Horseride with care
Horseride with care
Queensland’s national parks provide a range of challenges for riders and their mounts, from gentle, well-graded tracks to rough and difficult terrain. Take care of the landscape, your horse and yourself as you experience our tranquil trails from the saddle.
Read stay safe and visit with care for important information about staying safe, caring for parks and essentials to bring when you visit Queensland’s national parks.
Know your limits
When choosing your trail, know your limits and be realistic about you and your horse’s physical condition, knowledge, experience and skills. Each track is classified according to its most difficult section; other sections may be of an easier level.
Wide trail with a gentle slope and a relatively obstacle-free, hardened, natural surface. Suitable for riders seeking a short trail requiring a basic level of skill and horse and rider fitness.
Class 2 (intermediate)
Trail with obstacles, variable surface and a moderate slope. Suitable for riders seeking a short to medium distance trail requiring a moderate level of skill and horse and rider fitness.
Class 3 (advanced)
Challenging trail, many obstacles, variable surface and steep sections. Trail route may be indistinct. Suitable for horses and riders seeking a very challenging trail requiring a high level of skill, fitness and basic navigation skills.
- Make sure horseriding is allowed at the park or forest you are visiting. Horses are only allowed on some roads, tracks and trails.
- Follow the code of conduct for horseriding through parks and forests.
- Plan ahead, ride to the conditions and wear approved safety gear.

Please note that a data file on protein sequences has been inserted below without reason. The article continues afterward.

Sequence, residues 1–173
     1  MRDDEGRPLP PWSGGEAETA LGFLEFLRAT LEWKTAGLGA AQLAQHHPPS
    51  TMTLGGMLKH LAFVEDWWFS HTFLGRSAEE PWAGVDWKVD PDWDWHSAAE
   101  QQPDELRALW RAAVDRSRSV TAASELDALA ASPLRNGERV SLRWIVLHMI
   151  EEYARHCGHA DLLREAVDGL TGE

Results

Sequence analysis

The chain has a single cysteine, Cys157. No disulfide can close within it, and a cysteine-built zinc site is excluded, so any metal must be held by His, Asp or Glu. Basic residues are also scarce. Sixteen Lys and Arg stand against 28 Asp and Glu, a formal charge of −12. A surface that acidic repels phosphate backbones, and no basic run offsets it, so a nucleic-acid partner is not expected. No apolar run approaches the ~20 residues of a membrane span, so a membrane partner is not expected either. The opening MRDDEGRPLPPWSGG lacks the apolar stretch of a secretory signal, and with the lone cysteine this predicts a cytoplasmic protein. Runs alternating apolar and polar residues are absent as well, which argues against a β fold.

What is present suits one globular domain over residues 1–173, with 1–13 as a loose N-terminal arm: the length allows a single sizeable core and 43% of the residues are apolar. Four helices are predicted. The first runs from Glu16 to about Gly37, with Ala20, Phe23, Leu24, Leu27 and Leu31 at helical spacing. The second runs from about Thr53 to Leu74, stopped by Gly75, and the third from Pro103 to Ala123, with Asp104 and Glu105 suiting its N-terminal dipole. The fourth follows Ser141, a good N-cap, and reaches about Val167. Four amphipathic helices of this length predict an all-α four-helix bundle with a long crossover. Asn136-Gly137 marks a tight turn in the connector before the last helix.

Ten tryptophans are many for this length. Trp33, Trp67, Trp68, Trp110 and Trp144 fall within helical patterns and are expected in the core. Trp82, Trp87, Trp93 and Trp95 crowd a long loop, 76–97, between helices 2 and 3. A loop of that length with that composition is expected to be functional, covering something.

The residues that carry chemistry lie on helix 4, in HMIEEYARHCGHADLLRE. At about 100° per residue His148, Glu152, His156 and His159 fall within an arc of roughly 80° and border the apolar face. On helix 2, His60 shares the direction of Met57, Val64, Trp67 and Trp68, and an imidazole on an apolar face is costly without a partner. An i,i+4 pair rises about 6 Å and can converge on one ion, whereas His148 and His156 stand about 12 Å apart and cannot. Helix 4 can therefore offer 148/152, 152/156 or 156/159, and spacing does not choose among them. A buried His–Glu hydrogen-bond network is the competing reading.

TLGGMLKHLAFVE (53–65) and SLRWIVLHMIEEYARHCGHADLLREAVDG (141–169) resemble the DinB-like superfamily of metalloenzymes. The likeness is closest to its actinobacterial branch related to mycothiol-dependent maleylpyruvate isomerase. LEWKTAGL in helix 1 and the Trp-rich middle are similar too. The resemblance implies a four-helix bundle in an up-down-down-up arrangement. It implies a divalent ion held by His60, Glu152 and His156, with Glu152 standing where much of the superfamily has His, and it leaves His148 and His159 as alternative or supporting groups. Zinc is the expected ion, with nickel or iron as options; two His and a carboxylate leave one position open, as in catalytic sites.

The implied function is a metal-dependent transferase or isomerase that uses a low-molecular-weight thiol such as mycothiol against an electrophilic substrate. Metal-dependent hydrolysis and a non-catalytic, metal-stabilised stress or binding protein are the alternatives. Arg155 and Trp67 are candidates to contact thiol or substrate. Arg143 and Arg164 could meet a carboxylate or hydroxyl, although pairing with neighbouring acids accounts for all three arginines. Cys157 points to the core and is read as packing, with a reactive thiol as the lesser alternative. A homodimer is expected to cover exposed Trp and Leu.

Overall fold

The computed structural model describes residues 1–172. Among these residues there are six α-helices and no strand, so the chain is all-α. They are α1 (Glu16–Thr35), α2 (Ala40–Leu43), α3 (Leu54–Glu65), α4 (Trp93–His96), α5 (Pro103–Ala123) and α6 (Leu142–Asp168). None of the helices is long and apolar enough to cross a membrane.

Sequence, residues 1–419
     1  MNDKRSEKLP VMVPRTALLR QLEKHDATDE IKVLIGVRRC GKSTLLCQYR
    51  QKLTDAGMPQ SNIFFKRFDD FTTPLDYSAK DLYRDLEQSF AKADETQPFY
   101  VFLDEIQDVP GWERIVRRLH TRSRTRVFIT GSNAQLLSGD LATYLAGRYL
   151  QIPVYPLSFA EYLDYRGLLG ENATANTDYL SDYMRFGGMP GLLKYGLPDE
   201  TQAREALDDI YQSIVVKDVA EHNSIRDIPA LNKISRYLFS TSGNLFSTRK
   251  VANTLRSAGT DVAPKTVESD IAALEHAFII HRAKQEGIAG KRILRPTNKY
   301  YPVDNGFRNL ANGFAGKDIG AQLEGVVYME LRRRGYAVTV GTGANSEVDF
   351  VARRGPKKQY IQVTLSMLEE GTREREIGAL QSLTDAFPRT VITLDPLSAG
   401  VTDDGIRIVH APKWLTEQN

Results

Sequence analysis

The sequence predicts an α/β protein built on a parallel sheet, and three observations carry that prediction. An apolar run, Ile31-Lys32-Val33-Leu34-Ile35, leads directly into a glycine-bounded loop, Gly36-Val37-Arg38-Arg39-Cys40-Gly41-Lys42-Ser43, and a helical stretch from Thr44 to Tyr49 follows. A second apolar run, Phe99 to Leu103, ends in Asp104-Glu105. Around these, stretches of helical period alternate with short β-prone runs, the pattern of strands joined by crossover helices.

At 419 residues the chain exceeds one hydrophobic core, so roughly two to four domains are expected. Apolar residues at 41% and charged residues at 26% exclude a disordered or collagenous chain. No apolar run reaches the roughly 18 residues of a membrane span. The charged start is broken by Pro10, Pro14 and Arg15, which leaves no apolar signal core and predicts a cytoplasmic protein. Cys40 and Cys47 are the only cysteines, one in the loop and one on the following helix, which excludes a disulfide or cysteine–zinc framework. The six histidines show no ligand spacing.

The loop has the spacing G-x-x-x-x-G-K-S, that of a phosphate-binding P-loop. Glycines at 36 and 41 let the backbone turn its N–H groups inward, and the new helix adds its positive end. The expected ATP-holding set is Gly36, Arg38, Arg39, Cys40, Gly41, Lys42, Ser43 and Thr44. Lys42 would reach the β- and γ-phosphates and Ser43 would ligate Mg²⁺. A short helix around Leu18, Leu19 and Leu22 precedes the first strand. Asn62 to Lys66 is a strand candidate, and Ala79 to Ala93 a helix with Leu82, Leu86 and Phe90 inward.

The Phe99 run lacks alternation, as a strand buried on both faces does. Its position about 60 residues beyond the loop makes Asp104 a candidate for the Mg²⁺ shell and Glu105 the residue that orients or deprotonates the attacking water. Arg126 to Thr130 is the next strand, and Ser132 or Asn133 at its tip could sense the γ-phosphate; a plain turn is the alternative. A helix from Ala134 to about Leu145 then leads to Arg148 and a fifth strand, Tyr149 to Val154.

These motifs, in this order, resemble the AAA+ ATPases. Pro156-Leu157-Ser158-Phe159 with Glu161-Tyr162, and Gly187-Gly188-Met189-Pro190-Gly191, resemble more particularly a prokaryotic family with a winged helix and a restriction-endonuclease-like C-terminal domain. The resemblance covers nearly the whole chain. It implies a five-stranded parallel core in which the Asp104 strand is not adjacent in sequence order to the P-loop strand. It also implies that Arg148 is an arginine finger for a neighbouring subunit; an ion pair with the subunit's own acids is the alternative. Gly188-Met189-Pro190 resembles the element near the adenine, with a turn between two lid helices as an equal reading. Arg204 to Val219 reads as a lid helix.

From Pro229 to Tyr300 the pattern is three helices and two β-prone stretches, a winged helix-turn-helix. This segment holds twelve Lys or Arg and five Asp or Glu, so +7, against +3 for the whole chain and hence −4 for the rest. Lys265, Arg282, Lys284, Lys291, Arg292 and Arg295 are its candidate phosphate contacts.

- Always let someone know where you are going and when you expect to return.
- Ride in groups of less than 12.
- Heed all closure, access and safety information and signs. Follow trail markers and directional signs carefully.
- Stay on marked trails. Do not take shortcuts or form new tracks as this damages the environment and causes erosion.
- Keep trails in good condition and limit erosion by not riding on soft, wet or muddy tracks. Only cross watercourses at designated crossing points.
- To minimise erosion and compaction, tether horses at hitching posts or resting areas only for short periods.
- Limit the spread of weeds by:
- ensuring your clothes and shoes, and your horses’ coats, hooves, equipment and floats are clean and free of seeds before park visits.
- providing weed-free, good quality, processed feed to horses for at least 48 hours before entering a forest reserve or protected area.
- avoid riding through patches of weeds, especially if they are seeding.
Want to know more?
Contact your local horseriding organisation or Australian Trail Horse Riders Association.